Pharmacokinetics (9) Flashcards Preview

ESA 2 Membranes and Receptors > Pharmacokinetics (9) > Flashcards

Flashcards in Pharmacokinetics (9) Deck (38)
Loading flashcards...

What is meant by a pharmaceutical process?

- Drug getting into patient


What is the pharmacokinetic process?

- Drug getting to site of action


What is meant by the pharmacodynamic process?

- Is the drug producing the desired effect.


What is meant by the therapeutic process?

- Drug is translated into a therapeutic process


In the pharmaceutical process what is meant by formulation and compliance?

- Formulation: tablets/liquid - rate of action depends on dissolution
- Compliance: E.g take once a day


What are the advantages of using specific sites of administration?

- Concentrates drug at site of action
- Less systemic absorption and less side effects


What is meant by the oral bioavailability of a drug?

- Proportion of the drug given orally that reaches circulation unchanged


How is bioavailability measured?

- Amount: depends on 1st pass and gut absorption
- Rate: depends on pharmaceutical factors and gut absorption


What does the graph of injected and oral administration of a drug look like. Plasma conc against time

- Injected has immediately high initial amount and decreases linearly over time
- Oral has a slow increase to a much lower peak then plateaus and decreases slowly


What is the therapeutic window?

- The drug concentration between the minimum effective dose and maximum tolerated dose before it becomes toxic.


How can you change the drug to affect the therapeutic window?

- Can't change the therapeutic window but can change the release rate, a slower overall release will allow the drug conc to remain in the therapeutic window for longer.


What is meant by first pass metabolism?

- Drugs that are administered orally are first exposed to the liver
- Here they may be extensively metabolised before reaching rest of body


How can first pass metabolism be avoided?

- Injections: IM, IV and SC
- Rectal (drains to portal and systemic systems)
- Sublingual (under the tongue)


What is volume of distribution?

- The theoretical volume into which the drug is distributed if this occurred instantaneously
- Obtained by extrapolation of plasma levels to 0 time


What are the two possible fates for free drugs?

- Reaches target receptor
- Elimination (kidney/liver)


When are protein binding interactions important?

- When highly bound to albumin (>90%)
- Has small volume of distribution
- Has low therapeutic ratio


What is a class 1 drug?

- Object drug
- Used at a dose lower than number of albumin binding sites


What is meant by a class 2 drug?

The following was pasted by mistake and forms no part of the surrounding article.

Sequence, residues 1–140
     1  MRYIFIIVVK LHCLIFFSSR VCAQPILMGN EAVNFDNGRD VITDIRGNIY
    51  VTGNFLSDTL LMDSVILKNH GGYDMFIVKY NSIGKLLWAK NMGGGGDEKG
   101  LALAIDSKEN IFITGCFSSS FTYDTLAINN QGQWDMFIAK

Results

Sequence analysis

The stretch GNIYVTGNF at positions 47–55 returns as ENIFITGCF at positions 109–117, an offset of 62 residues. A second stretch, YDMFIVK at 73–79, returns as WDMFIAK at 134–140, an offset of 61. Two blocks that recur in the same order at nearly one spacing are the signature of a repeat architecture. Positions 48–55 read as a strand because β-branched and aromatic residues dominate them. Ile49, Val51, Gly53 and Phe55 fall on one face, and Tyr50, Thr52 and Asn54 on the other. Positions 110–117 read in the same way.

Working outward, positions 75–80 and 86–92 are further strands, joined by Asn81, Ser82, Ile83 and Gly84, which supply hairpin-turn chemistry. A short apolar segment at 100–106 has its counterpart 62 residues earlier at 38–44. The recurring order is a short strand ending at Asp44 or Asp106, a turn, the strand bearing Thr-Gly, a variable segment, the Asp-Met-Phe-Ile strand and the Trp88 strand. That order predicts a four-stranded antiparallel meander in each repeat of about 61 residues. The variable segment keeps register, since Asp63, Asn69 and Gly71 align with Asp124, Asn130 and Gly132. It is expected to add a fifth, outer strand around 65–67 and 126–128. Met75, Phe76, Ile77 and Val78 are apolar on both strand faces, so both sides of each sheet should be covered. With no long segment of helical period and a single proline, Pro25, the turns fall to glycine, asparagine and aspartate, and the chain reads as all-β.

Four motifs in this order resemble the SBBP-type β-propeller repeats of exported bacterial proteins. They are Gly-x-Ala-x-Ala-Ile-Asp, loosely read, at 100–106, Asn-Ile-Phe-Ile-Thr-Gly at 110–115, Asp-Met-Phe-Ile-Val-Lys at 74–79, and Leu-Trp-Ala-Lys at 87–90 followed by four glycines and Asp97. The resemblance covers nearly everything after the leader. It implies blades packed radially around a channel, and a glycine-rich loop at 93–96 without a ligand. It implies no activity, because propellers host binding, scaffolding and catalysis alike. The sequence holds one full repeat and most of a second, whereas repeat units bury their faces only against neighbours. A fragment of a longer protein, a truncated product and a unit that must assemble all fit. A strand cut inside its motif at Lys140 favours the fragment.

- Precipitant
- Used at doses greater than the number of binding sites and thus displacing class 1 drugs


What is meant when binding interactions are said to be transient?

- If free drug levels rise so will the elimination rate
- Steady state is restored quickly in a few days
- Transient = short lived


Give an example of an object drug and its precipitant.

- Warfarin: sulfonamides, aspirin, phenytoin
- Tolbutamide: sulfonamides, aspirin


If you graphed 1st order kinetics what would it look like and why?

- Linear on a log y axis against time
- Rate of elimination is proportional to drug level
- Constant half life


What is the characteristic of zero order kinetics?

- The rate of elimination is constant


How long does it take for a drug level to reach a steady state?

- 5 half lives
- Irrespective of dose/frequency of administration


What can be implemented if the half life of a drug is long but a rapid response is needed?

- Implement a loading dose
- Often determined by volume of distribution.


What is the most common way for drugs to act in?

- 1st order
- Predictable therapeutic response from dose increase


Which drugs undergo zero order reactions?

- Alcohol & pheryroin
- Therapeutic response can suddenly escalate as elimination mechanism saturates


What are the 2 main methods of drug elimination?

- Metabolism: predominantly liver
- Excretion: predominantly renal


How are drugs eliminated in metabolism?

- Drug enters phase 1 or phase 2
- Phase 1: drug is oxidised/reduced/hydrolysed which either activated/inactivates or doesn't change the drug
- Phase 2: conjugation of products normally inactivates the drug


What are the different types of drug interactions and give some examples.

- Enzyme inducer: Phenobarbitone, Rifampicin, cigarette smoke
- Enzyme inhibitor: Cimetidine, Warfarin
- Drug affected: Warfarin, phenytoin, OC pill, Theophylline


How does renal elimination occur?

- Via the glomerulus filtration
- Only free drugs can be filtered


What happens at the proximal tubule?

- Active secretion into the tubule


What happens in the distal tubule?

- Passive reabsorption of lipid-soluble un-ionised drug


What happens in the collecting duct?

- Ionised, lipid-insoluble drug excretion in to urine


Passive reabsorption of a drug is dependent on what in the kidneys?

- pH


What effect does pH have on absorption in the kidney?

- Only non-ionised moiety is lipid soluble and crosses membrane easily


What are the best conditions for a weak acid/base to be absorbed in the kidneys?

- Weak acids: acidic urine increases absorption
- Weak base: alkaline urine increases absorption


What affect does being secreted by the kidneys have on a drug?

- Half lives are longer


As the half lives are longer what is needed clinically when treating?

- Lower maintenance dose of drug (otherwise accumulates and becomes toxic levels)
- Loading does and protein binding can be altered to compensate for a longer half life.